The government must have fired him years ago, then outsourced his job to god knows where.

*****

Rather than expressing a truth, the phrase “The land of the free and home of the brave” impersonates a truth.

The phrase is a lure like the lure on a fishing line. We are meant to bite down on it in a gluttonous spasm of patriotic hunger, only to have a hook rip open the roof of our mouth, then anchor itself unbudgingly in the wound.

This is how we’re caught. How groupthink triumphs.

Revolting against such a reality makes sense. But to revolt doesn’t mean lecturing people about what they should do. It means working alongside people so we can learn together how to transform ourselves into a relentless mass force for a revolutionary reorganization of the nation and a reinvention of values.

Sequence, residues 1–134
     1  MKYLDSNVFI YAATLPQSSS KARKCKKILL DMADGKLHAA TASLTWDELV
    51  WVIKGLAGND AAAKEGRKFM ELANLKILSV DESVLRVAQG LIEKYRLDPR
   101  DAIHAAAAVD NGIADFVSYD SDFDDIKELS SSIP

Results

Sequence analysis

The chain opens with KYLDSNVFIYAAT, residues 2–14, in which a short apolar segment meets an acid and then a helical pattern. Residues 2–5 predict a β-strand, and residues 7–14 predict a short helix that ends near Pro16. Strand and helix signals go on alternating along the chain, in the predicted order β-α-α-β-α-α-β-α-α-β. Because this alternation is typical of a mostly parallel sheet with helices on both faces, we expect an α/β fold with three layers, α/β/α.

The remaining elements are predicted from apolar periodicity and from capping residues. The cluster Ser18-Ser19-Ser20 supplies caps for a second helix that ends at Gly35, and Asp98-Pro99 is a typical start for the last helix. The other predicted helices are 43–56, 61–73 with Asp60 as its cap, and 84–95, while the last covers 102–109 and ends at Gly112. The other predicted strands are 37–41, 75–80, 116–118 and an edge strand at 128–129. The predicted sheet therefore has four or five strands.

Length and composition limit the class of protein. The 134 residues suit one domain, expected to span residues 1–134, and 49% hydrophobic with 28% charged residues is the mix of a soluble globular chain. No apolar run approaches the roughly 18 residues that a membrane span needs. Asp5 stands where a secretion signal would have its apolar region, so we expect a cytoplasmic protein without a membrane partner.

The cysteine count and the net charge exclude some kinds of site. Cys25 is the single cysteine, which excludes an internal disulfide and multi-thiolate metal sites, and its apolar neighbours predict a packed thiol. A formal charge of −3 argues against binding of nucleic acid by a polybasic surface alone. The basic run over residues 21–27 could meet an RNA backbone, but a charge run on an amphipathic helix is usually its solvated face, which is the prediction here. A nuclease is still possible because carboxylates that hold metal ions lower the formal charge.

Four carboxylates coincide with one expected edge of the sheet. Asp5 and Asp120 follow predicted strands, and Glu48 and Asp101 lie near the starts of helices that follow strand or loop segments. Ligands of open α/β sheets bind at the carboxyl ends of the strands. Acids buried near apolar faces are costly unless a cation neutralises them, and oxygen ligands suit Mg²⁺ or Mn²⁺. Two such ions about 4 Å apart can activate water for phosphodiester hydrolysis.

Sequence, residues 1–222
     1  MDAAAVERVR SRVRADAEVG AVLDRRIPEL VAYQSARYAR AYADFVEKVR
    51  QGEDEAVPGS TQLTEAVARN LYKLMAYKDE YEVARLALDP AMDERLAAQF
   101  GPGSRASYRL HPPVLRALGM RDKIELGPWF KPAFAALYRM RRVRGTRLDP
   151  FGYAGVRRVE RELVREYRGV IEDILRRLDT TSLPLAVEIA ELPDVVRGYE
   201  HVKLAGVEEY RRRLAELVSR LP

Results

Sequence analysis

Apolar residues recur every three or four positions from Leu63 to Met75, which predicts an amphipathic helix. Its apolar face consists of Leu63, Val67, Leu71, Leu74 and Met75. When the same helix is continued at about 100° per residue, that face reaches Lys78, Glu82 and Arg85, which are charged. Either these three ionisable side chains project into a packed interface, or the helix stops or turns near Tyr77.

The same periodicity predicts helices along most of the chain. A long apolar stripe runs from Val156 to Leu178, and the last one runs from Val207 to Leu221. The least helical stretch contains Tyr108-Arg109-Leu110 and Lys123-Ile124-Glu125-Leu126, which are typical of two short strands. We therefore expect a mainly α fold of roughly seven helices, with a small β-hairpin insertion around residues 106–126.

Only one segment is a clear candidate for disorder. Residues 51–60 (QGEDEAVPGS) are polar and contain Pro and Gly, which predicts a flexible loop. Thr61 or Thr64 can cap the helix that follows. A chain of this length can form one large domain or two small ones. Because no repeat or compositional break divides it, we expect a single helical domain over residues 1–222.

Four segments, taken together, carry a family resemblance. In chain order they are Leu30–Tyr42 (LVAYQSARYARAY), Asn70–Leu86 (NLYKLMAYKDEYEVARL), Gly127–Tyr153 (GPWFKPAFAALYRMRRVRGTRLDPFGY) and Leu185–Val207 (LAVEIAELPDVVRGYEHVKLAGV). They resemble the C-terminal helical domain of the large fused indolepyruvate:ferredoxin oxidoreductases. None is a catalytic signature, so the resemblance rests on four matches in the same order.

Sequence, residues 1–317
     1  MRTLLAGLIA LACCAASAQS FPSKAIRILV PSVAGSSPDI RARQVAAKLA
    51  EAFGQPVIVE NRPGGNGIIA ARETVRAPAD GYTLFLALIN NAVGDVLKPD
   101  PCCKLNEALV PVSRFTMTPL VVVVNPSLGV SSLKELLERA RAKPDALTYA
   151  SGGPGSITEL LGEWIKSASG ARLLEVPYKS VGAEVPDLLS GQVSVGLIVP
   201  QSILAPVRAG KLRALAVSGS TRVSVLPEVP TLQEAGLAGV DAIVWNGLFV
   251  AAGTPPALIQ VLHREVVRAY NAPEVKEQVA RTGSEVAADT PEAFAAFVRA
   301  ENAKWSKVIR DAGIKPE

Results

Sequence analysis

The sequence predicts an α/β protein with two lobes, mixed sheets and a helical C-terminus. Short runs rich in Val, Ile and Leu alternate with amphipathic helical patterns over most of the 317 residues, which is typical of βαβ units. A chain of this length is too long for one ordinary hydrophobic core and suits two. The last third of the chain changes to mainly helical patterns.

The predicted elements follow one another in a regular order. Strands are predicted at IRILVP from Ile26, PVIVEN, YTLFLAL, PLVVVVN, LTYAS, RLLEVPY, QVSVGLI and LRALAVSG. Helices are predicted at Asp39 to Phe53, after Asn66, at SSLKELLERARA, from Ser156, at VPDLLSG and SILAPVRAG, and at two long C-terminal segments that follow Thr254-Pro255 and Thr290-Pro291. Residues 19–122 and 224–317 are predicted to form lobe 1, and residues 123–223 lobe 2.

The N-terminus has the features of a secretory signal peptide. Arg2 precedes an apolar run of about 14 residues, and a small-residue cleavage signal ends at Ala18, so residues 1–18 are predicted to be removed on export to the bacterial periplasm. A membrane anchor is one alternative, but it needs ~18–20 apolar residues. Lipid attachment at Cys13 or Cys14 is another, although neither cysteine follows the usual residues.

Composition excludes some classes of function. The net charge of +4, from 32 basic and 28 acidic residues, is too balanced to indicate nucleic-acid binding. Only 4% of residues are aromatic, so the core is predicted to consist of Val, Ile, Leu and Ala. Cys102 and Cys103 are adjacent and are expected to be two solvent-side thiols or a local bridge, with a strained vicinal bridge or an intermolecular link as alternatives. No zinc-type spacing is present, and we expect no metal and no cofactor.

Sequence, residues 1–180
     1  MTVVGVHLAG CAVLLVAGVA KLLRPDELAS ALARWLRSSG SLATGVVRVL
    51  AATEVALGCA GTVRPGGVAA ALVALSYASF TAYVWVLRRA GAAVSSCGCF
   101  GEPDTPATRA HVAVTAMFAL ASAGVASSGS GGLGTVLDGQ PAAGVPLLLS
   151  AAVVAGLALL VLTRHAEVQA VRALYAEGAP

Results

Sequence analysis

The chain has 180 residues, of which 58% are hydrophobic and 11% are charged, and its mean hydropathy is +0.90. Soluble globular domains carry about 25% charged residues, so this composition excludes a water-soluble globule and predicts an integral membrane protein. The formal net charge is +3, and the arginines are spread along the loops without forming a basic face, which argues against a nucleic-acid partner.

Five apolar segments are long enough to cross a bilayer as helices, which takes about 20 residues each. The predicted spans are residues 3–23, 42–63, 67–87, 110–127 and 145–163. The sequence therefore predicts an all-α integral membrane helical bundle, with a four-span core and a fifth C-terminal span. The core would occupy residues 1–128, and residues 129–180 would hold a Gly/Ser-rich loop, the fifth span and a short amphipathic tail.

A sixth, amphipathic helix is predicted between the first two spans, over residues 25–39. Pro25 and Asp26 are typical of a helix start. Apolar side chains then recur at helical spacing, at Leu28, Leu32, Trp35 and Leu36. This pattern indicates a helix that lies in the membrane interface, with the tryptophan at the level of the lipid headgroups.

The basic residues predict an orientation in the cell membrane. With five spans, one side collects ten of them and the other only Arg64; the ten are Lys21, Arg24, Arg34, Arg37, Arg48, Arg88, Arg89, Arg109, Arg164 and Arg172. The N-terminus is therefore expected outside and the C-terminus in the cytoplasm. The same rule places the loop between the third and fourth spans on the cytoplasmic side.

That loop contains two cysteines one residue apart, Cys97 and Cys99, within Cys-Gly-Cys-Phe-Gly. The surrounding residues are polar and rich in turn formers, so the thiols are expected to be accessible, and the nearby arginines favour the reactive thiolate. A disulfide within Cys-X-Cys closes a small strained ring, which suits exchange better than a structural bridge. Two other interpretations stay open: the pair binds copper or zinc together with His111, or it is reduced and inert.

The wars are everywhere. Wars at home. Imperial wars overseas. Our struggle may be complex, but our goals aren’t. We must fight injustice and inequity wherever we find them within the U.S., and stop exportation of violence, murder, and oppression to other lands. We don’t need reform, we need revolution.

  1. Haggerty, Richard A., ed. 1990. El Salvador: A Country Study. Library of Congress, Federal Research Division.
  2. Paige, Jeffery M. 1993. “Coffee and Power in El Salvador.” Latin American Research Review, Vol. 28, No. 3. 1993.
  3. Wilkinson, Tracy. “Notorious Salvadoran Battalion Is Disbanded: Military: U.S.-trained Atlacatl unit was famed for battle prowess but was also implicated in atrocities”, LA Times, December 9, 1992.